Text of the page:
With this in mind, a amplifier designer must design the amp to provide MORE current than what a pure 8 ohm resistive load would ever need. It must handle the current of a 4 ohm resistive load to account for the varying speaker impedance. Failure to do that will result in the amplifier going into current limit causing signal clipping and distortion when connected to a 8 ohm speaker load.
Now that the amplifier must drive a 4 ohm load resulting in more current flow, the amount of heat generated by the amp goes up with it. To prevent the amp from overheating working with a 4 ohm load, there is a thermostat of some form that forces the amp to shutdown -OR- forcibly drop the signal level to keep the temperature under control. How fast the thermal overload trips is a function of the thermal dissipation capability of the amp including its thermal mass. Under sinewave bench testing it will trip fast since this static test creates a lot of continuous heat generation.
To protect the amp from speaker impedances below 4 ohms or short circuit, the amp will include a protective current or power limit circuits so it will not blow up.
So far so good, but now lets talk actual music or sounds.
Music and natural sounds are NOT like a sinewave used to test the amp. With music and natural sounds, the average signal level is very low with high peaks. This ratio is called the "crest factor" with defines the ratio between the peak and the average signal level. Simply put, natural sound and music have a high crest factor.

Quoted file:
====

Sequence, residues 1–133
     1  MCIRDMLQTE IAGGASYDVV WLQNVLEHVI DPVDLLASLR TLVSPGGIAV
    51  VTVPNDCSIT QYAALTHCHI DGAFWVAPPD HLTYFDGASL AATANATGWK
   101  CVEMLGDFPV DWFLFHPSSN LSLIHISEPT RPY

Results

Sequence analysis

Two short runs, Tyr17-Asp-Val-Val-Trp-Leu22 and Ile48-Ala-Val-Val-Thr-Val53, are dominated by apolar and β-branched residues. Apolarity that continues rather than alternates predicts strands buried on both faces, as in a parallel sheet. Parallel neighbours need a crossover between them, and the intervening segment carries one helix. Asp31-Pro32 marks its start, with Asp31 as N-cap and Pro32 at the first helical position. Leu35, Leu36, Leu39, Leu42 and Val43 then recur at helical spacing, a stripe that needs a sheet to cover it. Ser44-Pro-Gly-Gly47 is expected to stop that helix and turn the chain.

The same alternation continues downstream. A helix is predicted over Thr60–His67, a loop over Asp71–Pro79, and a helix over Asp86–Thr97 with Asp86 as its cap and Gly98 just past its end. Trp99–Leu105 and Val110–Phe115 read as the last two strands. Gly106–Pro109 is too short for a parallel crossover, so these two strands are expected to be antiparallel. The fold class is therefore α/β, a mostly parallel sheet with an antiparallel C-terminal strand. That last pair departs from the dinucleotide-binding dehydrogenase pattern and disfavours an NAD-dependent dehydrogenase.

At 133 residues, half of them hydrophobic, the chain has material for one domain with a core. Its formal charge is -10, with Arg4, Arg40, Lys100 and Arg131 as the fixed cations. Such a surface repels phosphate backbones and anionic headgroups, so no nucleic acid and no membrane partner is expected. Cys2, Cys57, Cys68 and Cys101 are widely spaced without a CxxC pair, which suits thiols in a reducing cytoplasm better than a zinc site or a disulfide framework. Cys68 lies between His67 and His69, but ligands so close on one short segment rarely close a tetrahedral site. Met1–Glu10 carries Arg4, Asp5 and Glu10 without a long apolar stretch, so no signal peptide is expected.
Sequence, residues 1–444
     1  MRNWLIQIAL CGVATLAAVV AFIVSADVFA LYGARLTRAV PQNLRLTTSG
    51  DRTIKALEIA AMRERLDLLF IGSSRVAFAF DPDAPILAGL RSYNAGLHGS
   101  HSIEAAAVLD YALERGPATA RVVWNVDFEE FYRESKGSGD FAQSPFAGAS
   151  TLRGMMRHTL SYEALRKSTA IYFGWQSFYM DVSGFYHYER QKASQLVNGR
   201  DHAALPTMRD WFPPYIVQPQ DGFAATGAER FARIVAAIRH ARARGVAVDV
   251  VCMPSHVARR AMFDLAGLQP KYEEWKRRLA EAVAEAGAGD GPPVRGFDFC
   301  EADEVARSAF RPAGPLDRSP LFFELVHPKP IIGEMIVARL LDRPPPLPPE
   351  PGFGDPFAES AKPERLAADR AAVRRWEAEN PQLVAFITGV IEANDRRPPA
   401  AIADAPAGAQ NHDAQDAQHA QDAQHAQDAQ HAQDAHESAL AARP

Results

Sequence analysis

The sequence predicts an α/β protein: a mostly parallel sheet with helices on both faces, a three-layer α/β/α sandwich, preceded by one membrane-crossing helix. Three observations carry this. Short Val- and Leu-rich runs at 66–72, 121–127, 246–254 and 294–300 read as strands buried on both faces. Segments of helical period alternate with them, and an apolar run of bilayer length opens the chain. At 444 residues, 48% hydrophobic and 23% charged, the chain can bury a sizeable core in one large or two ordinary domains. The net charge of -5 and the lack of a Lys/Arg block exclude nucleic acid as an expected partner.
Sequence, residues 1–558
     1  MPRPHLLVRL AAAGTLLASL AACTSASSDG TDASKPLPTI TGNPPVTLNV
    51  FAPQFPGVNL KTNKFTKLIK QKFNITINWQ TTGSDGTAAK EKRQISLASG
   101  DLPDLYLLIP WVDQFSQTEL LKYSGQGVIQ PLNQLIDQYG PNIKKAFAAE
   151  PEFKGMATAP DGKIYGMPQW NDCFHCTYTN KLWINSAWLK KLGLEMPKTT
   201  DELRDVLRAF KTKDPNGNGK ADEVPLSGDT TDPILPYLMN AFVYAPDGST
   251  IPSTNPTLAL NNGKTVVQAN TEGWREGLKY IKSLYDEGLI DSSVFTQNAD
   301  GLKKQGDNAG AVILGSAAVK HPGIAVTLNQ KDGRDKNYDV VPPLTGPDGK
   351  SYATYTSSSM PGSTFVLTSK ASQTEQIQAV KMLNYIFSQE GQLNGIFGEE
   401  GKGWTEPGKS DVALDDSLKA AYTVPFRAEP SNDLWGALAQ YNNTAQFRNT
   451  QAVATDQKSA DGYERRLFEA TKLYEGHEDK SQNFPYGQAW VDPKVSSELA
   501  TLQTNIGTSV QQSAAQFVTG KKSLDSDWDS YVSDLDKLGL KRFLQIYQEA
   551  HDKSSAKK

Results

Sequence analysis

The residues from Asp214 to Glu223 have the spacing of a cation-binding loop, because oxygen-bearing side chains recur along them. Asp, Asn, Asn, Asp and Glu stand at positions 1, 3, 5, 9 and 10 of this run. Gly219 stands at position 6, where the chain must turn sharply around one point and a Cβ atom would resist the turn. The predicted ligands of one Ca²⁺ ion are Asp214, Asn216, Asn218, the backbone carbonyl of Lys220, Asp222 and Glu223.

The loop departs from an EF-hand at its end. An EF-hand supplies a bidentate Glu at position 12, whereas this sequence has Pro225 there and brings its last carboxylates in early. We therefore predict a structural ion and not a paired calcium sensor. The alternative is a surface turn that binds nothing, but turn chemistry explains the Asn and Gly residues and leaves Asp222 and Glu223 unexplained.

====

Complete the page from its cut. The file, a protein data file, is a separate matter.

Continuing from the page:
Looking at this from a ohms law current point of view, the high crest factor means most of the current is very low with brief peaks of high current.
Looking at this high crest factor from a thermal point of view, the amp generates very little heat. The high current peaks are not long enough to generate a lot of heat. The amp does not enter thermal overload.
You can take advantage of this crest factor property when thinking about using a 4 ohm speaker load with any given amp designed to drive 8 ohms. The amp may not be cable of driving the 4 ohm load on the test bench at full power, but if you keep the volume levels under control it can drive the 4 ohms speaker just fine. This hold true for the frequencies where the impedance drops. If the volume is high enough, the peak current under 4 ohm load will put the amp into current limit mode clipping the signal. But it only happens during the high peak sound event. It is very hard if not impossible to hear the distortion on any peaks of such short duration. Only if you turn up the volume to high with a 4 ohm load will the average signal level begin to generate to much heat and force a thermal shutdown. You will be able to feel this heat.
Guitar amplifiers are NOT normal amplifiers and cannot be compared to general purpose or professional PA, Stereo or AV Amps. Guitar amps are all about intentional distortion to give the guitar amp a specific unique SOUND. Musical instrument amps do not go through any kind of standardized testing. There is no way to quantify the given amps ability to deal with wide variety of speaker loads. Often the amp and speaker are in a single case making the load a well known variable for the amp. In other words the amp can be optimized to drive that specific speaker as opposed to any speaker. My point is you cannot compare.